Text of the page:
By David Longworth
By David Longworth
20 August 2000
Managing expectations is what life on the stock market is all about, and many's the story of the chief executive who has been caught unawares and had to fall on his sword. Recently, ICL chief Keith Todd became the latest casualty, as the once great British IT services company had the plug pulled on its float by its Japanese parent Fujitsu, making a mockery of Mr Todd's repeated promises to see it through to flotation ever since he became chief executive in 1995.
In other cases, executives have made positive noises about financial results only to be left at the end of a quarter with lots of egg on their faces - and hit by a dangerous slide in their share prices. Such pronouncements show senior management are often frighteningly out of touch with what is happening at the grass roots of their companies, which might sound a note of familiarity with many.
Part of the problem is accountants. As the guardians of the checks and balances in a business, they are loath to release figures at month end, never mind approaching the end of a quarter. Yet it is actually relatively easy to infer accruals based on previous performance as the period end is approaching, and to predict with near-total accuracy what results are going to look like.
Assuming their mindset can be changed to accommodate a rolling forecast, the difficulty lies in gaining access to the variety of applications that hold the information - budgeting, forecasting, planning and core accounting systems. So many companies, particularly smaller outfits, still use manual consolidation and data gathering techniques that un- derstanding how they're perfor-ming at any point in the middle of the period becomes quite hard.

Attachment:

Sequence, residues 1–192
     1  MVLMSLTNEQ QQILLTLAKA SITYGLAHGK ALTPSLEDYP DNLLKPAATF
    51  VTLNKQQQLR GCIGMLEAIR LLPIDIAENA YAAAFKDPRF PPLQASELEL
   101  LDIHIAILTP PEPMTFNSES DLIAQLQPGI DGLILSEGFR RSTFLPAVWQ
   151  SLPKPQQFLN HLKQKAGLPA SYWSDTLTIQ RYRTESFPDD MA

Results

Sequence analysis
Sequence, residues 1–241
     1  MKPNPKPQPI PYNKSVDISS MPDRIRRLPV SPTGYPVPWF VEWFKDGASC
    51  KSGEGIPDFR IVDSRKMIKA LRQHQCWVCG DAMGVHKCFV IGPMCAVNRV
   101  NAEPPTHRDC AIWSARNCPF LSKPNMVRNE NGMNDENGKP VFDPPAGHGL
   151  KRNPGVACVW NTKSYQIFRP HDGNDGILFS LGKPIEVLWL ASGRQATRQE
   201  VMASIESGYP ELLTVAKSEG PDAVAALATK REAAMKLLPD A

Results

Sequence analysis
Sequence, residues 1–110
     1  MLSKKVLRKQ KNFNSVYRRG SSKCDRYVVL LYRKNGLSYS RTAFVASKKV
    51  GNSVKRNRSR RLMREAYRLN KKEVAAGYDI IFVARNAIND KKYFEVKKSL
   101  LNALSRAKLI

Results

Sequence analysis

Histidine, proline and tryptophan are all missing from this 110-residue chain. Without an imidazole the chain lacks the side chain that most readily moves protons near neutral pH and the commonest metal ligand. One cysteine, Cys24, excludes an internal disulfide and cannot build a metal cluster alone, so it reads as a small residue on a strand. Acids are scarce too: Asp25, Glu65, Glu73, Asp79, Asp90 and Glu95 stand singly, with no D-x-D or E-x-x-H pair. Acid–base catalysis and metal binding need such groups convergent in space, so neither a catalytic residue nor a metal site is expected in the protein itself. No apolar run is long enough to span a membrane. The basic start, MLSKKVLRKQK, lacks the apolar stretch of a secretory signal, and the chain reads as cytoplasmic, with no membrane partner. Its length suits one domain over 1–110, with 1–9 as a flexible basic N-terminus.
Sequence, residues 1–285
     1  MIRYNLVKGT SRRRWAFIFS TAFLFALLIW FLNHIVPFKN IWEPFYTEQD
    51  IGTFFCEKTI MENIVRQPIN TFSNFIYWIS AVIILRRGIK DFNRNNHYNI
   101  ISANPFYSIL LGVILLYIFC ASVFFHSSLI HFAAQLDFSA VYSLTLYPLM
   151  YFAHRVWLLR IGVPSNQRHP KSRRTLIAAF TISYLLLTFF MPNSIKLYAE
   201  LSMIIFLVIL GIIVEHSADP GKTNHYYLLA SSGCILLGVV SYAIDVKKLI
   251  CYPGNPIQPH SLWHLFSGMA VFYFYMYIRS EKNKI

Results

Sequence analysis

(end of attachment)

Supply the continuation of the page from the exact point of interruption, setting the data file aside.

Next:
This is where the web can help, providing what's termed a "portal" into the various applications and presenting them all on a web page in standard format. Dave King, chief technology officer of budgeting and planning software vendor Comshare, says: "From a high-level viewpoint, everybody understands what they would like to end up with, but it never gets hooked back up to the strategy. It's not technically difficult - the technical issues are actually easier to address than the business issues."
Comshare has developed a system it calls management planning and control (MPC) which links budgeting, management reporting and analysis together. It uses the web to pull together access from a number of existing documents, and with a standard traffic-light system it can notify executives as to how they are doing against pre-set goals: red for bad, green for good.
The difficulty then comes in making sense of such alerts. The way data is summarised up to a senior level means that even with the capability to drill back down to the lower-level detail, it can be hard to see where a problem is coming from. If the chief executive sees that a particular division is underperforming in one month, pressing the panic button rather than picking up the phone to the line manager for an explanation may be the wrong response.
One potential answer to the problem is artificial intelligence (AI). Computer Associates, for example, is de- veloping Neugents AI technology. This, the company's executives love to predict, will one day be able to search through masses of data and, based on lessons learned from previous performance, alert execs to performance problems before they happen.
Neugents is available in a generic format for building e-business applications today. At the recent launch of Neugents ii, New Scotland Yard's Phil Stoneman revealed how the police force was looking to use it to predict the recurrence of bulk crimes like robbery, burglary and auto crime. But soon after this, Charles Wang, the long-standing chief executive and founder of Computer Associates, stepped aside as the company unexpectedly reported poor results and its own share price collapsed. Maybe it needs to start taking its own medicine.
* This column is provided by TBC Research, an events, publishing and research group. Contact www.tbc-research.comReuse content